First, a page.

Take a good, long look around the WAWWE site, especially the “more clips” section, and become informed on these issues.  We really can make a difference.

Meesus TTP is giving my letter to Congressman Butterfield an editorial once-over before I send it out on Monday.  This particular missive is in opposition to the UDSA’s proposed, insidious, NAIS regulations; I’ve got others in the hopper voicing my opposition to HR 875 and HR 759.  Following this will be the local paper(s) OpEd barrage.  I’ll also attempt to get an OpEd in over at the USA Today.  I’ll post all of these letters here — feel free to plagiarizer them at will, and harass your own congressman, and local paper editors.

In health,


A Quick and Easy Breakfast, and Some Good Listening

“What others think of us would be of little moment did it not, when known, so deeply tinge what we think of ourselves.”


Not much at all to this number, just a little ripe avocado and some diced tomato to dress up an old standby.

An Oldie but Goodie

An Oldie but Goodie

But it’s oh so simple, fast, and Paleo-nutritious.  And just look at how big and orange those free-range egg yokes are!  And the bacon?  Applewood smoked, and taken from a pasture-raised pig.  What you don’t see is the small glass of raw, unpasteurized milk and small helping of raw goat cheese.

And speaking of “Paleo”, “free-range”, “pasture-raised”, “raw, unpasteurized dairy” and your continued, unimpeded access to all of these wonderful things, here are a few links for you you to check out over the weekend:

Carl Lanore, of Super Human Radio, has produced a fantastic run of very interesting interviews as of late.  Check ’em out:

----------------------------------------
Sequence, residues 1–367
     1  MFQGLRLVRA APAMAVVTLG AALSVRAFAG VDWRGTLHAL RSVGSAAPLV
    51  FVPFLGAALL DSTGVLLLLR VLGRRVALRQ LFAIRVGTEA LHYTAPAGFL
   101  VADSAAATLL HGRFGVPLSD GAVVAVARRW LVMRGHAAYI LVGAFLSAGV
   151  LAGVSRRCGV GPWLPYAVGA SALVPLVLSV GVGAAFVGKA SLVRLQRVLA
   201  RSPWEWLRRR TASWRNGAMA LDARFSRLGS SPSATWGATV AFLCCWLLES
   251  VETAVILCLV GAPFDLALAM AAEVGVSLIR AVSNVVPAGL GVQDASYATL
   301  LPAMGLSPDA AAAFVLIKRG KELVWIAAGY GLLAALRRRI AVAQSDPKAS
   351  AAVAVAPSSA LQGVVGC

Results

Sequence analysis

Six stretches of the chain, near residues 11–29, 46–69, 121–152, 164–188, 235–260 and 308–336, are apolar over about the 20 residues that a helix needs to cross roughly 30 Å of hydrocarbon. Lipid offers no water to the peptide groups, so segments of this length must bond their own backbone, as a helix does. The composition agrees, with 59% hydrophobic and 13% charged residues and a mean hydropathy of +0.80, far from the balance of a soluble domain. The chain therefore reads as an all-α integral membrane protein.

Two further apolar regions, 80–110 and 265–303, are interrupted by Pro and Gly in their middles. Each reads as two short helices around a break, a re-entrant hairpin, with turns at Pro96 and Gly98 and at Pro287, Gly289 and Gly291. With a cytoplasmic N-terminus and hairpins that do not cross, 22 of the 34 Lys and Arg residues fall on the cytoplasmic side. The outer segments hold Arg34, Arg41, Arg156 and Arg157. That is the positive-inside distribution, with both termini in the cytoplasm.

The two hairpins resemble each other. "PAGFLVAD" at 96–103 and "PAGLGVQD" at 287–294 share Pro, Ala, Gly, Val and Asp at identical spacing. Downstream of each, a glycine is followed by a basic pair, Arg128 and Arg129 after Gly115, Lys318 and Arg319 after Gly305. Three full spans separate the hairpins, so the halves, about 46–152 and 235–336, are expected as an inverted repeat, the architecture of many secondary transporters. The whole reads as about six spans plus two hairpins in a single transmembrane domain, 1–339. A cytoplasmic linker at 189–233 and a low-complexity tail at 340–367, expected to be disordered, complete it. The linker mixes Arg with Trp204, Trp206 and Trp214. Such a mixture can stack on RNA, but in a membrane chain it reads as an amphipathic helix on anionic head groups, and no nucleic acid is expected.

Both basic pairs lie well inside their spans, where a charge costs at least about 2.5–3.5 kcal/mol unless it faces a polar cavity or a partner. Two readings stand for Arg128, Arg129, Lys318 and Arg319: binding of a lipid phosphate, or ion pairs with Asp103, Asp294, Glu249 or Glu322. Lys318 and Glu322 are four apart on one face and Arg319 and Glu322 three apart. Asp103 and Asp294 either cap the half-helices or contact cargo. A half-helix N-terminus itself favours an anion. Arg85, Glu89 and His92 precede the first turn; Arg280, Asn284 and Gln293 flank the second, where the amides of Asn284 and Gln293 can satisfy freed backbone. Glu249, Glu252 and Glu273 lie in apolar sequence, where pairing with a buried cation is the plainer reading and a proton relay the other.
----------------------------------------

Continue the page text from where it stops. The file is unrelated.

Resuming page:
First up, here’s a show that covers probably one of the most contentious and controversial topics within the Paleo community — dairy consumption.  My own take on the issue is that if you do consume dairy (1) make sure that it is only in the raw, unpasteurized form, and (2) let your own body and tolerance levels be your guide as to ingestion amounts.  Lactose intolerant?  Some people find that they can tolerate raw, unpasteurized dairy due to the fact that the host of natural good enzymes have not been destroyed in the pasteurization process.  Paleo purists will, of course, eschew dairy completely — and hey, that’s fine by me.  Yes, raw, unpasteurized dairy was never a calorie source for our Paleolithic ancestors.  However, the results of my research on the subject lead me to conclude that the positives of dairy consumption (protein bioavailability, good fats source, good enzyme source) far outweigh the negatives (small associated insulin surge), and so I add it, in small amounts, to my own diet.  I must re-emphasize, though, that I am speaking of raw, unpasteurized dairy here — leave the pasteurized stuff alone, as it’s no more than a nutrient and enzyme-dead food full of empty calories.

Next up, Carl interviews Judith McGeary, Executive Director of the Farm and Ranch Freedom Alliance (FARFA), about the sham that is the proposed NAIS (National Animal Identification System) legislation.  This legislation, folks, will effectively eliminate your access to small-farm-raised livestock and poultry.  Listen to this show, and please, take heed…and take a stand!

And finally, last but certainly not least, Carl hosts Dr. Loren Cordain on the Super Human radio show.  Now I don’t necessarily agree with all of Dr. Cordain’s ideas — his being totally adverse to dairy consumption comes first to mind — but I’ve never been one to hold an intellectual grudge, or to toss the proverbial baby with the bathwater.  In my mind, the Paleo tent is big enough to cast shade over a whole host of Paleo themes, and I have no problem cherry-picking what I like and leaving behind what I don’t.

Enjoy!  And enjoy the weekend.

In health,